OTTAWA (Reuters) - The market will again look beyond the Bank of Canada’s expected decision on September 5 to keep its main policy rate at 1 percent, and instead focus on whether Governor Mark Carney will change the message that the central bank may need to hike rates.
The fact that Carney repeated the tightening language as recently as a speech on August 22, just two weeks before the coming announcement, suggests he may leave the formula unchanged.
“To the extent that the economic expansion in Canada continues and the current excess supply in the economy is gradually absorbed, some modest withdrawal of the present considerable monetary policy stimulus may become appropriate,” Carney said in the speech.
He used those exact words in the central bank’s decisions on June 5 and July 17, and while he acknowledged on August 22 that recent data has been soft, he also said the underlying momentum was roughly in line with the growth of the economy’s potential.
Second quarter growth came in on Friday exactly as the central bank had forecast in July, at an annualized 1.8 percent and higher than markets expected, though a good portion was attributable to a less-than-helpful increase in inventories.
The fact the data was in line with the central bank forecast provides “exactly zero reason for the Bank to shift from its mild tightening bias,” Benjamin Reitzes, senior economist with Bank of Montreal, wrote in a note to clients.
A Reuters survey of 40 forecasters showed none expect a rate change on September 5. The median prediction is for a rate hike in the second quarter of next year.<CA/POLL>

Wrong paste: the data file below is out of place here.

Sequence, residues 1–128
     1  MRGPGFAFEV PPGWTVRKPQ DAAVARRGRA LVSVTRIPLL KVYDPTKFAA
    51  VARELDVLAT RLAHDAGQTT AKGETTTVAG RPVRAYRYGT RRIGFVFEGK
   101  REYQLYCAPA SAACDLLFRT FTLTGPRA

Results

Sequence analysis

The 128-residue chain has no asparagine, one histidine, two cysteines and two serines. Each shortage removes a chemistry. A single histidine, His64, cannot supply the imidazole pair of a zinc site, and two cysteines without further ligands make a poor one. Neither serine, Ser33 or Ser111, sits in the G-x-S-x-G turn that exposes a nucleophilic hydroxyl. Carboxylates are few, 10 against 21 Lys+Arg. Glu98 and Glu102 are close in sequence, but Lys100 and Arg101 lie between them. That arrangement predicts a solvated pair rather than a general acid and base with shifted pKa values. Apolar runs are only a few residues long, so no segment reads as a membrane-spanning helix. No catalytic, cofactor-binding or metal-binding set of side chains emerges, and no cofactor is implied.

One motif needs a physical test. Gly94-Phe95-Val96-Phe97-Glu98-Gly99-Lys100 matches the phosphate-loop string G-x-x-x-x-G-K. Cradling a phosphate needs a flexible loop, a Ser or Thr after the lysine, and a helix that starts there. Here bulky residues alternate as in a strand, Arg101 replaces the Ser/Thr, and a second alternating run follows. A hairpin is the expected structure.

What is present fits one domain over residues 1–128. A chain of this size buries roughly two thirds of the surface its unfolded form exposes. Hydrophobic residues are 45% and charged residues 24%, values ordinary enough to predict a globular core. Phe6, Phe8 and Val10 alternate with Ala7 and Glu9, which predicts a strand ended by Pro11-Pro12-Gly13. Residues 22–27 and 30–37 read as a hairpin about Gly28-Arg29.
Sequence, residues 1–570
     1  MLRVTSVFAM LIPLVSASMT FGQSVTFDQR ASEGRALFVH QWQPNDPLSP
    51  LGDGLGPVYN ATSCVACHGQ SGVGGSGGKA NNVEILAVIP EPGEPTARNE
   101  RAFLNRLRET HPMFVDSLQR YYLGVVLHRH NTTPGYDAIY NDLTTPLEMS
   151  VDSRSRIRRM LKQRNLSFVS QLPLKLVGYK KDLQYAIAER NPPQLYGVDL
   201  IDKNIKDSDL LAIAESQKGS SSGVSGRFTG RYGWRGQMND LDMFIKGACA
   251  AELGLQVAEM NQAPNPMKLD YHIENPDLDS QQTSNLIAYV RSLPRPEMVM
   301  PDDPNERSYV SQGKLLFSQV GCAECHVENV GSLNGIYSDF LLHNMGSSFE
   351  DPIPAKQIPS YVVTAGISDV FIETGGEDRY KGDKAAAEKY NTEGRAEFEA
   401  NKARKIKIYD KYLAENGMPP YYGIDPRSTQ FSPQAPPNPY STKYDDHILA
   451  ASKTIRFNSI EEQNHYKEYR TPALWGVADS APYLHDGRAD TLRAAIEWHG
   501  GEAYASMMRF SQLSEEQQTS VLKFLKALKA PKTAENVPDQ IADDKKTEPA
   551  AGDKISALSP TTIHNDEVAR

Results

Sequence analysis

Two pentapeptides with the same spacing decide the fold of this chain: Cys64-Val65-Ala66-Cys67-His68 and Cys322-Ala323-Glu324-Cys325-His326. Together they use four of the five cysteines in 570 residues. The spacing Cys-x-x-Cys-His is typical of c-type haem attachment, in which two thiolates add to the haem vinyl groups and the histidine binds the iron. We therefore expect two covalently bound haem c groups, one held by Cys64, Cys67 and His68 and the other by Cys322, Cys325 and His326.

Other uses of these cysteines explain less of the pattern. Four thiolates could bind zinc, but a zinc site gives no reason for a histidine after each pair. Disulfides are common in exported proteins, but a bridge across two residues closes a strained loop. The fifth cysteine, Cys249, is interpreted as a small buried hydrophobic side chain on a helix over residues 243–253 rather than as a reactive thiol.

Currently, the central bank is the only one in the Group of Seven (G7) leading industrialized countries with a tightening bias, which it has maintained in the face of a dreary economic and financial picture in Europe and elsewhere.
Canada is leading the G7 in growth — indeed three G7 members currently either have zero or negative growth.
The Bank of Canada was the first in the G7 to raise rates after the last recession, though it has kept them at the still unusually low level of 1 percent since September 2010.
Yields on overnight index swaps, which trade based on expectations for the Bank of Canada’s overnight rate, had long shown investors expecting a cut despite the central bank language and despite economists’ expectations of an eventual hike.
However, for the most part the swaps now predict the next move to be up, with at least a 50 percent chance of a hike by September 2013.
A CIBC World Markets study on Aug 28 said it expected fiscal retrenchment by federal and provincial governments might well keep growth at a mediocre level that “could handcuff the Bank of Canada in 2013.”
Editing by Jeffrey Hodgson